I pressed the lock screen and slammed my phone down on the coffee table. I was two seconds away from wanting to delete the dating app from my phone. The humdrum of swiping right—but more, in my case, left—had me feeling drained and bored.
Why did I do this to myself?
Why did I put so much of my want and need to be with someone into an app? It felt like one of those fortune teller machines on a beachside boardwalk—the kind that could tell you your future for a measly five cents. It seemed worth it to try, to find out what my life might look like tomorrow or a year from now.
I wanted to know if there was a chance for me. Being alone, living alone, caused me to spend more time wallowing in how the air felt empty in my tiny Boston apartment. Small moment of laughing out loud at a scene in a show, felt as if my sanity was borderline maniacal, because there was nobody to laugh at the joke with me. Fruits spoiled faster, food bought and prepped for weeks of isolation came and went; stored to only be trashed because one mouth could not finish it fast enough. After my last heartbreak, I saw myself staying perpetually single; now I wanted to find my forever soulmate. My anxiety of waking up every morning as the slow days of March loomed peak pandemic made me thankful that I was here, alive and breathing.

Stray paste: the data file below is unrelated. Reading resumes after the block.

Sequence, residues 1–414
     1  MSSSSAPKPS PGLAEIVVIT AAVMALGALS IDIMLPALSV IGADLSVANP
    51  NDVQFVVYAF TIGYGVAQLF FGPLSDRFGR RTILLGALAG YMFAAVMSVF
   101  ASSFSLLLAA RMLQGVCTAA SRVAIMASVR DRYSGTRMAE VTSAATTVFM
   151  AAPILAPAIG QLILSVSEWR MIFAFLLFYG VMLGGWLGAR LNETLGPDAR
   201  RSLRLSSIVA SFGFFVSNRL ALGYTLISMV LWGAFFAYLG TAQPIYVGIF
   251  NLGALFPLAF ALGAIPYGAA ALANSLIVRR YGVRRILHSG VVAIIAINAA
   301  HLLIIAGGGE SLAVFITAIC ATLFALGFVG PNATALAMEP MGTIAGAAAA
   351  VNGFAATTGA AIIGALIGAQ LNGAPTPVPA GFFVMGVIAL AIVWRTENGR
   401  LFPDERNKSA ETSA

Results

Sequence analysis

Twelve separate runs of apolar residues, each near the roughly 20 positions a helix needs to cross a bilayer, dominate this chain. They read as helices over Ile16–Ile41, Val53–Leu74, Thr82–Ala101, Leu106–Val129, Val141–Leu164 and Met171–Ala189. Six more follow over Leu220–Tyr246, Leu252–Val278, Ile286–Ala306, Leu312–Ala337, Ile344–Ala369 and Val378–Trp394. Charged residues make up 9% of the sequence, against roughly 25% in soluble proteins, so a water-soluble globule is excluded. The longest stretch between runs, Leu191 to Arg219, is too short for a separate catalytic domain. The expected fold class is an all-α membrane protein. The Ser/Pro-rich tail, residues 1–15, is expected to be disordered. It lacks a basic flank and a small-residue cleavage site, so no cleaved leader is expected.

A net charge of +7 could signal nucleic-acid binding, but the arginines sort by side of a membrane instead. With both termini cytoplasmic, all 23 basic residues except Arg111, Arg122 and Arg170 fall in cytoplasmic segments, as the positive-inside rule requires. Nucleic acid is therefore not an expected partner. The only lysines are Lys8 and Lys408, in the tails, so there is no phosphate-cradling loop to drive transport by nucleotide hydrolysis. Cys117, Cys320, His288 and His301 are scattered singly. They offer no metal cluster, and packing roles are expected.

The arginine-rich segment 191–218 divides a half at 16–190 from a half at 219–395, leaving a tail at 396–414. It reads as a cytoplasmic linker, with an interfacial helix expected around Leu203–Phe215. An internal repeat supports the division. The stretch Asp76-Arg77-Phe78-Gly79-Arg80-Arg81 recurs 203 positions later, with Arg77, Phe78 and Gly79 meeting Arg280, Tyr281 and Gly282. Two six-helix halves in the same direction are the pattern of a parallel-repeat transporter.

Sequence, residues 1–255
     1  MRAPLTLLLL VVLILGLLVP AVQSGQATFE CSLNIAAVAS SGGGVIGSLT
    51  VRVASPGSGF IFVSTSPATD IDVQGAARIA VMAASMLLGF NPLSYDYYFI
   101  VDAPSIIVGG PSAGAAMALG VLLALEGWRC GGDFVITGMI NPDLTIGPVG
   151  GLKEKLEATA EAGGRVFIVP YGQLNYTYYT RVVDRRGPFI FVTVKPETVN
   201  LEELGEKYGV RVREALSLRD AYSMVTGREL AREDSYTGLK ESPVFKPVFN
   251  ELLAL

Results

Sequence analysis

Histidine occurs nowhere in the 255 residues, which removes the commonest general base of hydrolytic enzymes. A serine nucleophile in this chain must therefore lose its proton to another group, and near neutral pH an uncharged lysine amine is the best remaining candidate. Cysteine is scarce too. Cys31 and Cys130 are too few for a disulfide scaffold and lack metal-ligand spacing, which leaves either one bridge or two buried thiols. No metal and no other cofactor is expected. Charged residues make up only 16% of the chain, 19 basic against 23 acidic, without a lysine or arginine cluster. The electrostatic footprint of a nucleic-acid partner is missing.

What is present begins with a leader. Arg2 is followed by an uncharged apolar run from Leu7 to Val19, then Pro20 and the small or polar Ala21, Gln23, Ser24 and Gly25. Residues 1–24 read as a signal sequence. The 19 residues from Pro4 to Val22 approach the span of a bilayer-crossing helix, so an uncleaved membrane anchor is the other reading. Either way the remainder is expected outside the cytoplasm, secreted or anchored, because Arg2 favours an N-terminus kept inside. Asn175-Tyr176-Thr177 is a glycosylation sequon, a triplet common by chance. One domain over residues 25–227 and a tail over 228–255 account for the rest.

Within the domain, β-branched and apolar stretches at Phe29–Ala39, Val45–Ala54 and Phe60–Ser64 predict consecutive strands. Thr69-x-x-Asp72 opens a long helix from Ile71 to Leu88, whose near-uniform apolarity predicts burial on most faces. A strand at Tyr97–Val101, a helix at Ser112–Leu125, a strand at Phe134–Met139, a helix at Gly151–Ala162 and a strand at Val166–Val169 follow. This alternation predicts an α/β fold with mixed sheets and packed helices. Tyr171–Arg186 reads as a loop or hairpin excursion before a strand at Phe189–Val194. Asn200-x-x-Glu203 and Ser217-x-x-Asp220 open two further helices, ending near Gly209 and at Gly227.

Teaching remotely gave my days their shape, but they soon became monotonous. I wondered if this was it: I hit the water kettle on, popped toast in the oven, and set up to press a smile on my face, looking at ten-year old fidgety faces staring back at me through my computer screen. My students now had to greet their teacher from inside their own homes, instead of from inches away, as they had before. I had to be strong for them, but who was being strong for me?
When the exhaustion got the best of me. When the tears creeped in the corner of my eyes as I curled up on my side of the bed at night, the rest of the sheets begging to be touched by anyone but me… feeling as cold and as distant as I did. I thought about how I felt, not connected to anyone. How for almost the last decade, I had been okay with being single forever.